In a 4-1 ruling, the Supreme Court has found in favour of HMRC in the long-running saga of Project Blue Limited v. HMRC (2018) UKSC 30, to the effect that the taxpayer was liable to pay stamp duty land tax (SDLT) on the amount of financing (£1.25bn) it received under the sharia’h law compliant structure, and not merely on the actual price it paid for the land (£959m).

To recap briefly, the taxpayer had contracted to buy a freehold property at Chelsea Barracks in London from the Secretary of State for Defence for a basic price of £959m and had arranged to finance this, along with anticipated development costs, by using a sharia’h law structure under which it sub-sold the freehold on to a banking group for £1.25bn and immediately leased back the asset on terms that effectively replicated a normal financing arrangement, at the same time taking a right to buy back the freehold in the future once the financing arrangement had run its course.

The taxpayer originally argued that no SDLT was payable at all in respect of this due to a combination of sub-sale relief and relief for sharia’h financing structures of this type and that the SDLT targeted anti-avoidance rule in Section 75A Finance Act 2003 was not in point, not least because there was no avoidance motive. By contrast, HMRC argued that the anti-avoidance rule in Section 75A Finance Act 2003 applied even if there was no avoidance motive such that SDLT was payable by the taxpayer not merely on the £959m price payable to the Secretary of State but in fact on the whole £1.25bn payable by the banking group. By the time the case reached the Court of Appeal, it found that in fact the banking group should have been liable to pay SDLT on the £1.25bn it paid for the freehold on the sub-sale and so the anti-avoidance provision was not engaged, but because HMRC had already enquired into and closed its enquiry on the banking group’s SDLT return, it was now out of time to assess the banking group for this SDLT.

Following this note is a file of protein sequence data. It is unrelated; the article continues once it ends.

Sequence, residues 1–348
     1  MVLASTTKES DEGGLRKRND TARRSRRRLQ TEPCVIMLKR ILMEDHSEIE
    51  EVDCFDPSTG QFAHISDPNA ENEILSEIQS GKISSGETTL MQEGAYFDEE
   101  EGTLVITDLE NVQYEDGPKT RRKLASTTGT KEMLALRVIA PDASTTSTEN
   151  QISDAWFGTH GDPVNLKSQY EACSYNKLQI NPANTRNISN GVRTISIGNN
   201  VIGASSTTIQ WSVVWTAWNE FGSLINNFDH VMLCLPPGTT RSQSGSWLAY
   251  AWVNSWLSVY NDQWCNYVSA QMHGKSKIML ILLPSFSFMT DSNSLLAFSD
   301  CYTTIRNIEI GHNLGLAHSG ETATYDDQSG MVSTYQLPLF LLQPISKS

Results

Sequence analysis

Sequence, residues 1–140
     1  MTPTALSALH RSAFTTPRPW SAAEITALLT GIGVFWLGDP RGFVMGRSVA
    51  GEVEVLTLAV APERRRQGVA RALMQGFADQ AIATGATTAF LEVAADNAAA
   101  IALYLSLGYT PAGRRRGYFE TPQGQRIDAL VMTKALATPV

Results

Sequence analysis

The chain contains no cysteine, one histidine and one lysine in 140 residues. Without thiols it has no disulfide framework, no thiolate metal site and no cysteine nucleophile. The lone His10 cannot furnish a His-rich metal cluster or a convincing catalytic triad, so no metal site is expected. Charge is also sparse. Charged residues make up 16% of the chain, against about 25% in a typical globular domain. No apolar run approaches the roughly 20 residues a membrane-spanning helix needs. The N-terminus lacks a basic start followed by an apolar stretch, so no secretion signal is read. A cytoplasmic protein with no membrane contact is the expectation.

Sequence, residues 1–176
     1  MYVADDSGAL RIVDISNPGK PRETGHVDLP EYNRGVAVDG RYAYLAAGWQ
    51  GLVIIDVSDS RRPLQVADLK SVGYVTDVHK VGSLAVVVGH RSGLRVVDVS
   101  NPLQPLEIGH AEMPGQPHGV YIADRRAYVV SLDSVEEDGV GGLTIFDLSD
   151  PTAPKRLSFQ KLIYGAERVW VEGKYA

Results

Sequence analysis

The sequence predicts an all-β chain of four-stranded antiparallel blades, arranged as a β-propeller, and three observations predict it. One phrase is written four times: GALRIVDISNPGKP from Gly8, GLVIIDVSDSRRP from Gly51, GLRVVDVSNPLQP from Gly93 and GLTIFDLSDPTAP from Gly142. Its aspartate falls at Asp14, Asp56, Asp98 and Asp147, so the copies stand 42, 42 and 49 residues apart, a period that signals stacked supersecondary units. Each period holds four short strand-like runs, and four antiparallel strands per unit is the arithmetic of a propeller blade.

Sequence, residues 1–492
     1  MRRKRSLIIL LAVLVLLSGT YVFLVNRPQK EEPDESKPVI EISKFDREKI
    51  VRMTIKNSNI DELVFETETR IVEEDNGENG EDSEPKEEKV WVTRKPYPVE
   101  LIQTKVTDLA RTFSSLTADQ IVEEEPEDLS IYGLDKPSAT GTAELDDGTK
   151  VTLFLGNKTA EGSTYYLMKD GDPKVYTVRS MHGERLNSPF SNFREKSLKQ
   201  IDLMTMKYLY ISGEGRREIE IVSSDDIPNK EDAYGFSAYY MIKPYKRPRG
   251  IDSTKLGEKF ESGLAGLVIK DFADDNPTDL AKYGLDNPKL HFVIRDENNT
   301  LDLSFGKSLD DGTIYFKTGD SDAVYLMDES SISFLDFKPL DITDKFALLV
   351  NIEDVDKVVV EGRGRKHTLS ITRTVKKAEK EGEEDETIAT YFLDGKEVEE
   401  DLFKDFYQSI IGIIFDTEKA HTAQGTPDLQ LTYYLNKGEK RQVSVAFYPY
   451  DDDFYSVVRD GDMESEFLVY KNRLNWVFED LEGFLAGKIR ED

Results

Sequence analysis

The Supreme Court has effectively reversed this, holding that the banking group wasn’t liable to pay any SDLT (because the reliefs applied) and so the anti-avoidance rule was engaged (even if there was no avoidance motive), and when this was applied to the facts of the case viewed realistically, it gave rise to a notional land transaction for SDLT purposes under which the interest sold and purchased was the freehold, the seller was the Secretary of State for Defence, the buyer was the taxpayer and the amount of consideration charged to SDLT was the £1.25bn given by the bank under the financing arrangement (being the highest amount given by way of consideration in the scheme steps), even though the price actually paid to the Secretary of State was only £959m. It was, however, acknowledged that the taxpayer may have a right to reclaim (under Section 80) some of the tax otherwise due to the extent that any part of the £1.25bn was never in fact paid.

Although there were helpful observations to the effect that HMRC cannot seek to apply the anti-avoidance rule in more than one way in respect of any given set of scheme transactions that are, on the facts viewed realistically, “involved in connection with” each other (even where there are in reality several land transactions), the ruling is a salutary reminder to those effecting complex structures involving multiple steps that this targeted anti-abuse rule does indeed potentially have teeth even where there is no avoidance motive.